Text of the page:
Superfund sites and fuel spills and lead contamination, oh god!
We’re learning more about the eco-impact of Hurricane Sandy, and it’s not looking good.
Nearly a quarter of New Jersey and New York’s Superfund toxic sites are within a half-mile of vulnerable coastal areas. Those the Environmental Protection Agency says were “impacted by the storm” include New York’s Gowanus Canal and Newtown Creek, both designated Superfund-supergross in 2010. From The Wall Street Journal:
The EPA said it tested water samples its workers took from Brooklyn’s Gowanus Canal and nearby flooded buildings, but found only “low levels” of potentially cancer-causing pollutants, which it said may be “related to spilled fuel and runoff from asphalt.” New York state officials say they think the floodwaters probably traveled over the Gowanus and Brooklyn’s other Superfund site, Newtown Creek, without disturbing the pollutants that line the bottoms of both waterways.
But Thomas Burke, a professor and associate dean at Johns Hopkins School of Public Health, said the Gowanus and Newtown Creek—whose cleanups haven’t begun in earnest yet—are more vulnerable to flooding risks than sites in more advanced stages of remediation, where caps and liners have already been placed over bottom-lying toxic material.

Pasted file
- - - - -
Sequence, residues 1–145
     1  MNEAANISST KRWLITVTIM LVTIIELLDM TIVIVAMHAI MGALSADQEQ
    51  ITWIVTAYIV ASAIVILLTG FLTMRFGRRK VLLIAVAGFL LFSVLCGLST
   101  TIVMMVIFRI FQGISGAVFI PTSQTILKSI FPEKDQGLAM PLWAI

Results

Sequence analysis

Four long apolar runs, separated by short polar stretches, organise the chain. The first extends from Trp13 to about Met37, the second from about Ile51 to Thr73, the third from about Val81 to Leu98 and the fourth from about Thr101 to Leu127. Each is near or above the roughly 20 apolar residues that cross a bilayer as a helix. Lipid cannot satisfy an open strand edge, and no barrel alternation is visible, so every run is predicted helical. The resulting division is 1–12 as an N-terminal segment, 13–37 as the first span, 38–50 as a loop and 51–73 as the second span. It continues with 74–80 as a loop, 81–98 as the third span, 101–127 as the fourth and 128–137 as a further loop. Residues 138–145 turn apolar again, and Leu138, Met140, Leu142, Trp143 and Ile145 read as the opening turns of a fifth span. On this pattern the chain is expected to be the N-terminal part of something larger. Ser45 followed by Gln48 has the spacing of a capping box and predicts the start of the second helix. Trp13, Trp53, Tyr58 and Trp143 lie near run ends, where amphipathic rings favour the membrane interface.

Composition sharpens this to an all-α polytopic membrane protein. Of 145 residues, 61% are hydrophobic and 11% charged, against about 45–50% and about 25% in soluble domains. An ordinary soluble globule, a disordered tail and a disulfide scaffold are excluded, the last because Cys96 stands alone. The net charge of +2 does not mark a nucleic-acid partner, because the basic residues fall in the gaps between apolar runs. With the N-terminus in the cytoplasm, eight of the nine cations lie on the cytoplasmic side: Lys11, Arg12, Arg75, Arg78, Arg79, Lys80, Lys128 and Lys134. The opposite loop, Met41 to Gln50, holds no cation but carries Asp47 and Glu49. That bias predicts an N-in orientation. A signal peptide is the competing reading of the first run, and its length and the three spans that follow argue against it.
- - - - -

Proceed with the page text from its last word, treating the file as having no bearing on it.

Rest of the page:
“There really has to be a careful evaluation of whether there has been any disturbing of the waste,” Mr. Burke, a former director of sciences and research at the New Jersey Department of Environmental Protection, said. “Flooding moves things around much more quickly.”
Fuel spills at refineries are also of concern, such as a 378,000-gallon diesel dump into New Jersey’s Arthur Kill waterway and a spill of heavy waste oil at a Linden, N.J., refinery. Also: heavy-metal pollution at the Raritan Bay Slag Superfund Site in Sayreville, N.J., where a 10,000-gallon fuel tank was overturned.
Delaware is bracing for Sandy-related debris and pollution to start washing up on the state’s beaches. From the Cape Gazette:
Dr. Andreas Muenchow, associate professor of coastal oceanography at the University of Delaware, said debris that ends up on Delaware’s shores generally comes from the north, but most of the trash and pollution from New York and New Jersey as a result of Sandy will stay out to sea.
Muenchow said large debris would be trapped off of Cape May because of tidal currents. Debris within the Delaware Bay from Philadelphia is more likely to arrive on Delaware’s shoreline, he said.
Behind the MERR building, volunteers collected a wheelbarrow full of debris that has already washed up in the days since the storm.
“Debris that has washed into the water from land is a hazard, and highly contaminated water is also a huge concern,” Thurman said.
Debris floating in the water could injure marine animals, while contaminated waters could cause sickness and death, she said.
The Coast Guard says 137 people are currently working on pollution cleanup. I think this might take a while.